The Mk2 replaced the Mk1 in about 1973. All have 1"-10 spindle threads and are 8-speed (no intermediate countershaft). The first two models were Atlas 3950 and Craftsman 101.21200. They have ball bearings on the spindle and a cast iron headstock. The first 800 to 1000 or so used the same compound and tailstock as the 618. As those were used up, they were replaced by what you have. The bed was originally the same as on the 618 except for the location of the tapped holes for the headstock and legs.

Sears discontinued the 101.21200 in 1976 or early 1977 and Atlas replaced the 3950 with the 10100 (which Sears never sold). Initially, the only difference was that the headstock (still cast iron) and spindle were modified to take Timken tapered roller bearings like the 618 had. In June 1979 at (supposedly) S/N 007328 the apron was modified to add backlash adjustment to the carriage traverse gears. At some point after S/N 008329, the traverse rack was changed from the 618 type (with 5 mounting screws and two locator pins) to only two larger screws. At some point no later than S/N 9901 and thought to probably be in early 1980, Atlas changed the headstock and legs to Zamak. This proved to be a disaster and although Atlas apparently made a retrofit kit with cast iron parts available (not clear if free or not), the 10100 went out of production probably late in 1980 or very early 1981.

Your machine has the late apron with backlash adjustment but I can't tell from the photo whether the legs and headstock are cast iron or Zamak. If you wouldn't mind, please complete the "Survey Questions For Atlas/craftsman 6" Mk2 Lathes" contained in the thread of that name up in the Sticky area at the top of this Forum.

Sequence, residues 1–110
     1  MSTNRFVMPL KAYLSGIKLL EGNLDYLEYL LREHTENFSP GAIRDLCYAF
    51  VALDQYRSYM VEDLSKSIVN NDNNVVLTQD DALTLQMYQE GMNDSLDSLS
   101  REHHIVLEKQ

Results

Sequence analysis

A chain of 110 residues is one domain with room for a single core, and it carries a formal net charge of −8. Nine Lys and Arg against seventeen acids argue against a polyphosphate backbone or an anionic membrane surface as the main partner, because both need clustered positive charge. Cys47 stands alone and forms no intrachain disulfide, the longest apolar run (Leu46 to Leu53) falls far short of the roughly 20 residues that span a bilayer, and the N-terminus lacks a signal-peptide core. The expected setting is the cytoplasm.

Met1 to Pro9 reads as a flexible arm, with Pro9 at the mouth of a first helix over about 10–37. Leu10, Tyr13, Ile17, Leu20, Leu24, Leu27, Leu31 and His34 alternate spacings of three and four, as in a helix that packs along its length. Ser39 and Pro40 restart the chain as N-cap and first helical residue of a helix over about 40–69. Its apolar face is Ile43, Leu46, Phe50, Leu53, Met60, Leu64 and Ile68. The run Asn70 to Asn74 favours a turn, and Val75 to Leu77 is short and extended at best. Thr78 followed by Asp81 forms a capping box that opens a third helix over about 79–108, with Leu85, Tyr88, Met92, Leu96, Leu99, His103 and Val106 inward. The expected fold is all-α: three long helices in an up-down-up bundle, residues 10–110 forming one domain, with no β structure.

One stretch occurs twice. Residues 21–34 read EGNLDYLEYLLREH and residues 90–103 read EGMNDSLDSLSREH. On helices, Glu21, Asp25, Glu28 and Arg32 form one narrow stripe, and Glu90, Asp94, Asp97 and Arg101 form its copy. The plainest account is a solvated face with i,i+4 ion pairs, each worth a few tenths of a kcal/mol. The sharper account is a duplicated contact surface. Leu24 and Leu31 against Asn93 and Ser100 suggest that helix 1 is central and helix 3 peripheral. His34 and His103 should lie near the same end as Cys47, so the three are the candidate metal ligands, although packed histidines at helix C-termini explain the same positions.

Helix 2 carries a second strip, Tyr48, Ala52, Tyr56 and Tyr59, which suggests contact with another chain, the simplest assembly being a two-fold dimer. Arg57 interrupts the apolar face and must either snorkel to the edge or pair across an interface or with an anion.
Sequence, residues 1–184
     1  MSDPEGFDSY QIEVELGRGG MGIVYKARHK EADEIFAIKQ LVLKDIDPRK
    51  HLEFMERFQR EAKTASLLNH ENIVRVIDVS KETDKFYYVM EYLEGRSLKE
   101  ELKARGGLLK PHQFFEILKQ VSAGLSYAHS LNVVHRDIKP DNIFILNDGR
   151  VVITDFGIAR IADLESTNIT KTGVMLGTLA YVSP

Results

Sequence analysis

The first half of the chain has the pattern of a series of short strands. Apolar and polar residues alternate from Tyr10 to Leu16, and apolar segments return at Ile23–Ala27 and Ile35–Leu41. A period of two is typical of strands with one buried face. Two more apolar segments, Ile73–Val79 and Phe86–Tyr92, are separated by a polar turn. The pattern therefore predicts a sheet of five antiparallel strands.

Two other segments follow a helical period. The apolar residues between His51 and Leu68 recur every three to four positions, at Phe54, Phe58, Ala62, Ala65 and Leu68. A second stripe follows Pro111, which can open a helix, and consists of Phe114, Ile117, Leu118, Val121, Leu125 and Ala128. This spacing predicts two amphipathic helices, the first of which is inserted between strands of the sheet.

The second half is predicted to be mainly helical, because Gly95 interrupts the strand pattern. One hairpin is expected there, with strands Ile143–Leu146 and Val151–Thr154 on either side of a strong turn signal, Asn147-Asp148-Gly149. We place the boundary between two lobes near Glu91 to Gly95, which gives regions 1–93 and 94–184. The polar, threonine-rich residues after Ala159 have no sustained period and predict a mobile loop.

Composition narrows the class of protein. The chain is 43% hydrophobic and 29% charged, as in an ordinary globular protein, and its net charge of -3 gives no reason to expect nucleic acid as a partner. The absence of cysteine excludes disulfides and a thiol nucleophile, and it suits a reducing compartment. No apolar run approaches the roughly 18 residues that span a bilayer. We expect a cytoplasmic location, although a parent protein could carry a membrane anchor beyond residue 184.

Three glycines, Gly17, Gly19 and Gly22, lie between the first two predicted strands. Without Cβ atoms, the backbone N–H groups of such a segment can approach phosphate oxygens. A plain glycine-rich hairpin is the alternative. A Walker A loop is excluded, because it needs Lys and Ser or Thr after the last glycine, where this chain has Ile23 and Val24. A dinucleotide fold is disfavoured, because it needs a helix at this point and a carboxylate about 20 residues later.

Told you. Isn't he something!!!!!!:)
 

westsailpat

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#13

Skowinski

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#14
Thanks westsail, have a notice for the quick change tool post so I can get those when they are available. Here are some photos of the contents of the drawers. A bit of a mess right now, as I've just started arranging similar stuff. Like I said, not completely sure what all I have here yet.

i-bfdDfjM-L.jpg

i-DK8PF7c-L.jpg

i-zRBJX3G-L.jpg

i-2cQWfP9-L.jpg
 

Skowinski

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#15
Thanks everyone for the welcomes! I'm getting into this as I'm about a year away from retiring and want to learn machining and welding, as a support to my main addiction, motorcycles. I hope this doesn't become another addiction! :immersed:

Hey, what happened to my swarf status? I kinda liked that.
 
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westsailpat

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#16
Man you really did score . I see some tool holder blocks in there , those look good . Motorcycles ?
 

Dhector

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#17
There are a lot of very intelligent people on this forum and I don't consider me anywhere close to smart with machining at all but from my little knowledge on this stuff I must say you did good. Very good!!!!! The only thing I didnt get with my 3950 that you did, was some brushes. And about 95 percent of everything else!!!!! Awesome!!!!